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Digitrax Zephyr Express DCC starter set

Read this review from the September 2019 Model Railroader
Digitrax Zephyr Express DCC starter set
The screw terminal block on the back of the unit has connections for the main and a programming track. Two LocoNet ports allow for easy expansion.

Running a model railroad with Digital Command Control is a simple task with the DCS-52 Zephyr Express from Digitrax. Combing a DCC command station, booster, and stationary throttle in one convenient package, the Zephyr Express is an updated version of the firm’s DCS-50 Zephyr and DCS-51 Zephyr Xtra (reviewed in the May 2011 issue) systems. With its updated user interface, the Zephyr Express is a plug-and-play DCC solution that won’t intimidate novices. However, don’t let the system’s simplified appearance fool you. It’s also feature-rich enough to satisfy more experienced DCC users.

Up and running. The Zephyr command station measures 5" x 7¼". After plugging in the included 3A power supply, I connected the Rail A and Rail B screw terminals to the mainline track leads. Once the track status indicator lit up, I was ready to run trains with the system.

I appreciated that the screw terminal block on the back of the command station also includes connections marked Prog A and Prog B, making it easy to set up an isolated programming track. The Zephyr supports both service mode programming and programming on the main (also called ops) programming.

The built-in locomotive controls will be familiar to users of previous Zephyr systems. The direction lever can be set for forward, reverse, or brake. The throttle knob is reminiscent of a direct-current (DC) power pack.

Compared to earlier Zephyr command stations, the Zephyr Express features simplified and more user-friendly controls, featuring 18 backlit keys vs. 24 buttons on the Zephyr Xtra. The Zephyr Express also features a large 2.4" color liquid crystal display (LCD) screen.

When running a train, the screen shows the locomotive number, speed as a percentage of the throttle, locomotive direction, and which functions are active. Other tasks, including programming configuration variables (CVs), are achieved by navigating intuitive on-screen menus.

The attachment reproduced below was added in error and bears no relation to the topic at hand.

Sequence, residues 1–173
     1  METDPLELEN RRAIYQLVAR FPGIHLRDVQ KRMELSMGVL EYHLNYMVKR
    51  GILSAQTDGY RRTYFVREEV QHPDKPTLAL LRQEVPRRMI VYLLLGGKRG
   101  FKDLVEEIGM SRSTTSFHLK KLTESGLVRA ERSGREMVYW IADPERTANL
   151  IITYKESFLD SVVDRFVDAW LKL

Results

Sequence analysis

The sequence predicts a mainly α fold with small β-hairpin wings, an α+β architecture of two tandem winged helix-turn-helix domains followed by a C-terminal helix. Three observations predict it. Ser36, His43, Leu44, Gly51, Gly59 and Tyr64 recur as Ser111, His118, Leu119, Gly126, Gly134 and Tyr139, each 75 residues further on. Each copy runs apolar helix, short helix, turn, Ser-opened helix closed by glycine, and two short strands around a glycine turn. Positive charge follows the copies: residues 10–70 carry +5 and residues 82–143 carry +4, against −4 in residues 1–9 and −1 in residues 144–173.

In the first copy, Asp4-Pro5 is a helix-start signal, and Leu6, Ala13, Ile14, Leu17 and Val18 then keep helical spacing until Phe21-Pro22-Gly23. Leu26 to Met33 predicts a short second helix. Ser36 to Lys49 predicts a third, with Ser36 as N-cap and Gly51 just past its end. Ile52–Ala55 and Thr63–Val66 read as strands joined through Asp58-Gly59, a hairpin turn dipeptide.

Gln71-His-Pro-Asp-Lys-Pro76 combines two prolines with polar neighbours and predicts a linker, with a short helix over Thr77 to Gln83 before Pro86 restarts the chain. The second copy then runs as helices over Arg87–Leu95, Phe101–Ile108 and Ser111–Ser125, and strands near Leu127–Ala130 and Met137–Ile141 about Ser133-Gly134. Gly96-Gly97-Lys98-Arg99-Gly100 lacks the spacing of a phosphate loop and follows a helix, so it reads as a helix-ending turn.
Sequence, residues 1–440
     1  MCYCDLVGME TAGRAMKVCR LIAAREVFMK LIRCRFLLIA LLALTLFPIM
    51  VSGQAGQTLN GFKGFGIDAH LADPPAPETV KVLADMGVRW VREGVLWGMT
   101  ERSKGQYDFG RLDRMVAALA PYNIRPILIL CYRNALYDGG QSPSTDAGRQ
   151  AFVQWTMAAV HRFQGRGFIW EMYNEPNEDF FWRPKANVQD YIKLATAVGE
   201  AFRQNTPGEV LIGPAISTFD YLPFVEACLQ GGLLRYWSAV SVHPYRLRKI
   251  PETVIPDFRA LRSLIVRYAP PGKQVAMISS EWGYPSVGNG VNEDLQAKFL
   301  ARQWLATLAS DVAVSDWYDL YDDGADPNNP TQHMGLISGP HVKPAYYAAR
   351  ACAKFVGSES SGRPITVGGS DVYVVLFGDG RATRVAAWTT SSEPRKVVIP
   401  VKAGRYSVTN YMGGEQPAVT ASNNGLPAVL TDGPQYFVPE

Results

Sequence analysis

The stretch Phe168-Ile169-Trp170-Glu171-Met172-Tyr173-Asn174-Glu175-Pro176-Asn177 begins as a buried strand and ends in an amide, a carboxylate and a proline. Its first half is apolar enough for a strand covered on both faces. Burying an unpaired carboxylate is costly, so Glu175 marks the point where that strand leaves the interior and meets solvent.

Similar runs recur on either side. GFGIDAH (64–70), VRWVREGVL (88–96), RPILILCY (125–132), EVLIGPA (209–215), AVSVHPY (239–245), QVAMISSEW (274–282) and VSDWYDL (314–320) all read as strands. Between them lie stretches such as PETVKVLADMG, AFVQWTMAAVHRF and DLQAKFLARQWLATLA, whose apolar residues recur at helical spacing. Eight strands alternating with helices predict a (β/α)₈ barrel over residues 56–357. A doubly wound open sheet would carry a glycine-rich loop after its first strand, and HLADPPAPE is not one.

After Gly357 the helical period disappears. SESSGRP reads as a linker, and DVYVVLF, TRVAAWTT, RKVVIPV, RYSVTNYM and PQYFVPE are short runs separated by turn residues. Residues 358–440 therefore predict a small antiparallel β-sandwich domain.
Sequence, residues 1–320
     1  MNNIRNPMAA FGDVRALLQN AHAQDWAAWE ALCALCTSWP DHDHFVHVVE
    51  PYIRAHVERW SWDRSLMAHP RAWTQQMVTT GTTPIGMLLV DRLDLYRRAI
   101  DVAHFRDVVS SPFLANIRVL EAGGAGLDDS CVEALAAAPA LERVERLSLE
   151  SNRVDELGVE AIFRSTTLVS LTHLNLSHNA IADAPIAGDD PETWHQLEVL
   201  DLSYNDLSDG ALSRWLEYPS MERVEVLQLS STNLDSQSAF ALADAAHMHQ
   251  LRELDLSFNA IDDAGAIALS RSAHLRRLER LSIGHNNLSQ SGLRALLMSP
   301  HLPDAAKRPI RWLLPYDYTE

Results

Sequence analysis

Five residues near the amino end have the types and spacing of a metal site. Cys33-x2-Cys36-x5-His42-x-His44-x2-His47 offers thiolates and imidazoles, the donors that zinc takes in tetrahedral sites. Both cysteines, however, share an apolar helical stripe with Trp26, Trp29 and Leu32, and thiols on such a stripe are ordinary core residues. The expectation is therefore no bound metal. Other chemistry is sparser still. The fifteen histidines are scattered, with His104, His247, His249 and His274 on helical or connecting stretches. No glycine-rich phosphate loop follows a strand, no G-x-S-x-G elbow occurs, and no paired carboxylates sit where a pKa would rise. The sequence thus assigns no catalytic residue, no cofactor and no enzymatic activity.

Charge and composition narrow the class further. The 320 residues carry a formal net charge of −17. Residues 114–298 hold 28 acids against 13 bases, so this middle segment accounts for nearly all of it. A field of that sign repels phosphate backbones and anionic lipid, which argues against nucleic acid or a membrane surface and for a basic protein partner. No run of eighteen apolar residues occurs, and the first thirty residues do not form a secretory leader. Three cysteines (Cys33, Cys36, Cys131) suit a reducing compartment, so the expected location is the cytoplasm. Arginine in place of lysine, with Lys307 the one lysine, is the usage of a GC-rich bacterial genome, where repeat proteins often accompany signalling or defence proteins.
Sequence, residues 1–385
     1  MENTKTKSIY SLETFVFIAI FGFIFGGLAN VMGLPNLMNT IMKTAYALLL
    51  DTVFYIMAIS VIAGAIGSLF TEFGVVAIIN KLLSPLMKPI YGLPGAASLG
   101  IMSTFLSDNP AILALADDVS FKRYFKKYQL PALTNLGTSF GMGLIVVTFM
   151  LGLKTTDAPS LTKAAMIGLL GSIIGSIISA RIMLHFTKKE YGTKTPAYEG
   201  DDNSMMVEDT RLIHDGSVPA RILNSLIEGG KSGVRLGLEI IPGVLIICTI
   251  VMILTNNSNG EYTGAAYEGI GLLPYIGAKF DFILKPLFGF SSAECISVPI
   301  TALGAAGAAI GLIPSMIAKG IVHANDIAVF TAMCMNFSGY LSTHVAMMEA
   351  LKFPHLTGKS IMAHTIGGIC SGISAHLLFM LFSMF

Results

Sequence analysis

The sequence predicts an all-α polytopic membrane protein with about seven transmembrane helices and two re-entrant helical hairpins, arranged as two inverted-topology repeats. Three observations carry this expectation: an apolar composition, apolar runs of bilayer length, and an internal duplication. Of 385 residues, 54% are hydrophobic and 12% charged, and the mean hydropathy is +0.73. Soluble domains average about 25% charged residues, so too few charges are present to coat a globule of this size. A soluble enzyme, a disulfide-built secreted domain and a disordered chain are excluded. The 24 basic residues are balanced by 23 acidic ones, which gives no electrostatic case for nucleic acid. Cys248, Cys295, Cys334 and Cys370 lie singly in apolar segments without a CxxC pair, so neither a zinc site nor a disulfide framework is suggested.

Along the bottom of the screen are three soft keys marked A, B, and C that are used to navigate through the menus. The purpose of each key is shown above it on the screen. For example, when running a locomotive, Fn+00 appears above button A. That means that the numeric keypad triggers functions 0-9. If I pressed A again, the note changed to Fn+10, meaning the keypad triggers functions 10-19. One more press changed the note to Fn+20, to gain access to functions 20-28.

Following screen prompts, I easily changed locomotive addresses, programmed CVs, and consisted locomotives. For each step of the process, informational text scrolled across the bottom of the screen to help me remember what I needed to do next.

The command station also includes a Switch key used for activating accessory decoders or for changing option switches (OpSw) on other LocoNet-supported devices.

Expanding the system. There are two LocoNet ports on the back of the command station, which makes it easy to expand the system with additional throttles, boosters, wireless throttle receivers, and other components. LocoNet is a command bus protocol developed by Digitrax that the firm also licenses to other manufacturers.

Digitrax infrared and radio receivers will work with the system for those who wish to add wireless walkaround control. Additional fascia plug ports are available for tethered throttles. The Zephyr also supports the Digitrax LNWI WiFi interface, which allows users to run trains via a smartphone app.

When properly configured as outlined in the instruction manual, two terminals (Jump 1 and Jump 2) allow two DC power packs to be connected to the command station to function as two additional DCC throttles.

The built-in PR4 computer interface is my favorite new feature. I plugged in a USB cable from my Mac to the port on the Zephyr Express, and then opened Java Model Railroad Interface (JMRI) software. Available as a free download at, this software includes DecoderPro, which is an intuitive tool for programming and testing DCC decoders. Note that Windows PC users will have to download additional drivers, but these are available as free downloads at the Digitrax website.

The Digitrax Zephyr was a solid DCC starter set when it debuted more than 15 years ago. With its updated user interface and added features, this latest version is better than ever.

Price: $235
Digitrax Inc.
2443 Transmitter Rd.
Panama City, FL 32404
• Advanced, universal, and simple consisting
• Built-in USB computer interface
• Firmware updates via free download
• LocoNet ports for easy expansion
• Maximum number of addresses: 9,000 plus (locomotive), 2,000 plus (accessory)
• Maximum number of throttles: 20
• Programming on the main or Service Mode programming with separate programming track outputs
• PS314 13.8V, 3A power supply
• Supports 29 functions
• Two- and four-digit addressing
• Two LocoNet ports for additional throttles and other components

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